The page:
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"The Importance of Gratitude: A Veteran Army Chaplain's Perspective"

What purpose did coffee serve you in your mission as a chaplain? For better or worse, caffeine powers the American soldier! The long hours and the attention needed to succesfully serve our country make most soldiers pretty reliant on caffeine. In a deployed environment the hours are often longer and the demands greater. When I was deployed, I tried to find ways to make a great cup of coffee to share with soldiers. Using a vaccum press, a heating metal wand, a hand operated grinder, and relying on Verso L'alto coffee, mornings were often a time of ritualistic sharing of a great cup of coffee. My job as the lone American Catholic priest for a few countries meant that I traveled alot and lived out of a duffel bag. Being able to rely on and offer great coffee wherever I was, gave us a sense of comfort and peace which are at times hard to find in a deployed environment.

How did our servicemen in uniform handle missing the holidays with family? I think everyone handles holidays differently. Some soldiers put their energy into their work. Good units will attempt to bring soldiers together for these important days where everyone misses home. One of my favorite moments while deployed in Iraq and Syria was Christmas eve. We had a multi faith prayer service with Christmas carols followed by Midnight Mass. The chapel tent was dimply lit and filled with American soldiers as well as coalition soldiers from other countries all singing and praying together. Many of the non catholics stayed for Midnight Mass to continue the experience of praying on that silent and holy night.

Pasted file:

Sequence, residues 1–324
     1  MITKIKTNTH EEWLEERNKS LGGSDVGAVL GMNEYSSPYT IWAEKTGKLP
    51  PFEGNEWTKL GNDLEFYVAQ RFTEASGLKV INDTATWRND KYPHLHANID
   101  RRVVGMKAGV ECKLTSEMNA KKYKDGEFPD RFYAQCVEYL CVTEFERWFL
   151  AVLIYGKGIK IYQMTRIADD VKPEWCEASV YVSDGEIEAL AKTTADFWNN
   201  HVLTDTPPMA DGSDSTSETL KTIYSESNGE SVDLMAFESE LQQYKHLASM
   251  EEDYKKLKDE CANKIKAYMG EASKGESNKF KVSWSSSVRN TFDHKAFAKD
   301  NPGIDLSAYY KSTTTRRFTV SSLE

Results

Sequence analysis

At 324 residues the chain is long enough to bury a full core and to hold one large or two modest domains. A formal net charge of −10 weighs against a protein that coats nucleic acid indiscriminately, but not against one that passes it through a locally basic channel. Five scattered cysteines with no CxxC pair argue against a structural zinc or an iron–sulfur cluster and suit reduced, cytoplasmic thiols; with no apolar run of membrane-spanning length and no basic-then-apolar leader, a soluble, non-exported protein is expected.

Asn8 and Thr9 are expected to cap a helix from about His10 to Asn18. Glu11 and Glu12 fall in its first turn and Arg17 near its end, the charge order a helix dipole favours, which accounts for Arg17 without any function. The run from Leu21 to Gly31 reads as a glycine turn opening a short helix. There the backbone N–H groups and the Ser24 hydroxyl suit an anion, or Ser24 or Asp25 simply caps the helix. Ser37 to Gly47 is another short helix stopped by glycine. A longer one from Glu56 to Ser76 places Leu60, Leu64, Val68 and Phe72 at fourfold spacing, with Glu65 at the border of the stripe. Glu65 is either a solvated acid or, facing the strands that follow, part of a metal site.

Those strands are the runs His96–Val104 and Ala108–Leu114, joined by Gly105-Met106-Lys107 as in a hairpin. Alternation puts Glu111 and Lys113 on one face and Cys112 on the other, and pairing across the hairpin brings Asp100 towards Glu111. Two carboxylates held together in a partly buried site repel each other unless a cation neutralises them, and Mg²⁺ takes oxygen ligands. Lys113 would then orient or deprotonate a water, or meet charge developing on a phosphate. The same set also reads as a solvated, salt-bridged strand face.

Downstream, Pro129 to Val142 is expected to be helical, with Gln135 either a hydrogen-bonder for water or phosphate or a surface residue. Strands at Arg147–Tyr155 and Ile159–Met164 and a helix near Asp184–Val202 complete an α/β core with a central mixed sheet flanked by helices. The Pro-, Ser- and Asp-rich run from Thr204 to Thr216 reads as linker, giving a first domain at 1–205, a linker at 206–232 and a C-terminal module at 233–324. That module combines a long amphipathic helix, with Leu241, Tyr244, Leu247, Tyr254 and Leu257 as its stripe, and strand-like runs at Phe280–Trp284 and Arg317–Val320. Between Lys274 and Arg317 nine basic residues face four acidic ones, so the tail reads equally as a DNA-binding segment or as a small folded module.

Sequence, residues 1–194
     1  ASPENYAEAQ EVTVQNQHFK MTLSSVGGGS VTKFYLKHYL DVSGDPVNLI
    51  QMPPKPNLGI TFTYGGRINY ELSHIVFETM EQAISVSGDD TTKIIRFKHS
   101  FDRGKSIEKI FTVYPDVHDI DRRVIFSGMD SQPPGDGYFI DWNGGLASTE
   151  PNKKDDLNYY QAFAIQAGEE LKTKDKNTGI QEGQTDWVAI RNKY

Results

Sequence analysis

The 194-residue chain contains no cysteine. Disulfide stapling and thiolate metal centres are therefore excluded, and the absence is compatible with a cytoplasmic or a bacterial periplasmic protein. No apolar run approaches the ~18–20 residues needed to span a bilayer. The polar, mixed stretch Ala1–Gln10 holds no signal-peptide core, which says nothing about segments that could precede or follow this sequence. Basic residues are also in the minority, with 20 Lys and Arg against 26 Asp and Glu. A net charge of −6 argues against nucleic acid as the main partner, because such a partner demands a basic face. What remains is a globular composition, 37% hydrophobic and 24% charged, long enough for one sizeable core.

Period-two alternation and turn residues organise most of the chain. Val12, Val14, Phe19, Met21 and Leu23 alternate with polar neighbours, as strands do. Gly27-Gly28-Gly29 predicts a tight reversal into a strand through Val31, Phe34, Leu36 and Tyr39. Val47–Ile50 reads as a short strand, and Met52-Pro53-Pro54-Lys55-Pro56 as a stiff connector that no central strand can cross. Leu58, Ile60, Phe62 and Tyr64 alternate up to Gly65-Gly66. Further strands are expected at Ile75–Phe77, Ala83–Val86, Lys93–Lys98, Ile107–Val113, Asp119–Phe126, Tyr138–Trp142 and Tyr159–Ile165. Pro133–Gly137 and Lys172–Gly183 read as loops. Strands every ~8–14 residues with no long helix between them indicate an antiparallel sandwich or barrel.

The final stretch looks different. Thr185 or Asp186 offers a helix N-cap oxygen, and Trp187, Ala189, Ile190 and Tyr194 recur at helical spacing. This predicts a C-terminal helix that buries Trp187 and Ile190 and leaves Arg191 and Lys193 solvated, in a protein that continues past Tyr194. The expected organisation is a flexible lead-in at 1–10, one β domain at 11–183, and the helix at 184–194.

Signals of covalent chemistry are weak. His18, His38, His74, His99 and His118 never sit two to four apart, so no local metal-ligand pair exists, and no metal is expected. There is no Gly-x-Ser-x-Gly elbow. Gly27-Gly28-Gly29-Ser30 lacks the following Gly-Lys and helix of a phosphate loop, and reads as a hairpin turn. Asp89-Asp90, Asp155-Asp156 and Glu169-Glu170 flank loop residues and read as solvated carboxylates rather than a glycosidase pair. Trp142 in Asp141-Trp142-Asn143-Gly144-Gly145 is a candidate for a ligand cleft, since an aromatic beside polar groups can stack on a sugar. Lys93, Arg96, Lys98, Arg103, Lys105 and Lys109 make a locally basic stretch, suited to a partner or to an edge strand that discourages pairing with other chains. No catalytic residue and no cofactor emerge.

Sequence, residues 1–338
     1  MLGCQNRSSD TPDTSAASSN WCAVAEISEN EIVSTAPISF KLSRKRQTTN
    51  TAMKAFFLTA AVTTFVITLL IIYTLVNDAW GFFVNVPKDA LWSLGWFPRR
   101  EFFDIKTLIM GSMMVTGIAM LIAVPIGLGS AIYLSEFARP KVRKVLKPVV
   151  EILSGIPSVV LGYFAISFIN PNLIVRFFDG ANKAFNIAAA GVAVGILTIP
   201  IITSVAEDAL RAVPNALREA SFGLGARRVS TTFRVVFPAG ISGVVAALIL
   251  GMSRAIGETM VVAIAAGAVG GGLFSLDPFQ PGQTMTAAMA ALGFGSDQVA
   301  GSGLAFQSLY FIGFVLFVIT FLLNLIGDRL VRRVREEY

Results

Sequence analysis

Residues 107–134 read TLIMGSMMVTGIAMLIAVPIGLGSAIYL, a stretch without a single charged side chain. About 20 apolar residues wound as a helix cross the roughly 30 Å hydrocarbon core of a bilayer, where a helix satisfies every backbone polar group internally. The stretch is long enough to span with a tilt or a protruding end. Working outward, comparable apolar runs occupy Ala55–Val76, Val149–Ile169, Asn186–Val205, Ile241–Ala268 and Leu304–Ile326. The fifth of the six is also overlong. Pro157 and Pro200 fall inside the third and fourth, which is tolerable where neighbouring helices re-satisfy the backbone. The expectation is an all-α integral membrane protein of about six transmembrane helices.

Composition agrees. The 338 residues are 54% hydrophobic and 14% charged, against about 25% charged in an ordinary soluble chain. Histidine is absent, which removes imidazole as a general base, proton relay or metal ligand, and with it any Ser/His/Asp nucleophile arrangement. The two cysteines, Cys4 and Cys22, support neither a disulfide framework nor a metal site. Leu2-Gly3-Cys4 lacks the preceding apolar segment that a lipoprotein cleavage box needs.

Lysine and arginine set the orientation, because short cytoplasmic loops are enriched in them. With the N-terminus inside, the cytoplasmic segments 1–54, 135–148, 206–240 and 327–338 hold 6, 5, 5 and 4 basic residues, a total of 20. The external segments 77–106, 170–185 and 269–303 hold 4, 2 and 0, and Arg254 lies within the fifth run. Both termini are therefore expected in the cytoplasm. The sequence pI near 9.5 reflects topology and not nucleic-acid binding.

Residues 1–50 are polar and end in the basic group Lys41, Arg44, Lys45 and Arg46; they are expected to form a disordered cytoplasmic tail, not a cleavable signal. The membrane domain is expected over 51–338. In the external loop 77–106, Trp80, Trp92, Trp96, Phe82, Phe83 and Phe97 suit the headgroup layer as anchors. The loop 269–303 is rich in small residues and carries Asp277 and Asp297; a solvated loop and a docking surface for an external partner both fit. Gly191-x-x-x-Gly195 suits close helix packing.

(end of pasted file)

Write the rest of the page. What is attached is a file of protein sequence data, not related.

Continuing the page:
How were you able to serve our soldiers with different faith backgrounds?

As a chaplain, we are called to serve all soldiers regardless of their faith. While my main role while deployed was to provide Catholic services, most soldiers see chaplains as a confidential resource who they can speak with when things are not going well. During or after a serious attack, or when things are falling apart back home, soldiers care less about what faith a chaplain might have than that he is a person of faith.

What are some of the things you miss most from your time in the military? After a yearlong combat deployment, I have transitioned back to the Army Reserves where my Army commitment is down to a number of weeks a year. While I am no longer full time, I continue to minister to soldiers in a part time capacity. Additionally, I am part of the team in my area that notifies that families of soldiers whose lives are lost. Currently leading a large parish in New Jersey, I sometimes miss the simplicity of deployment. While deployed, one focuses on the job at hand and everything else becomes less relevant. I also miss the comraderie of my assistant who was my right hand guy during deployment.

What are some of things our deployed service members are most thankful for? I cannot overstate the importance of support from home for our deployed soldiers. This is all the more true in a combat environment when there is the continuous pressure of potential attacks. Any show of support from home is tremendous for bolstering morale and reinforcing a sense of purpose in a soldier's day to day tasks. I was particularly grateful for great coffee and any packages that brought a bit of home to an austere environment.

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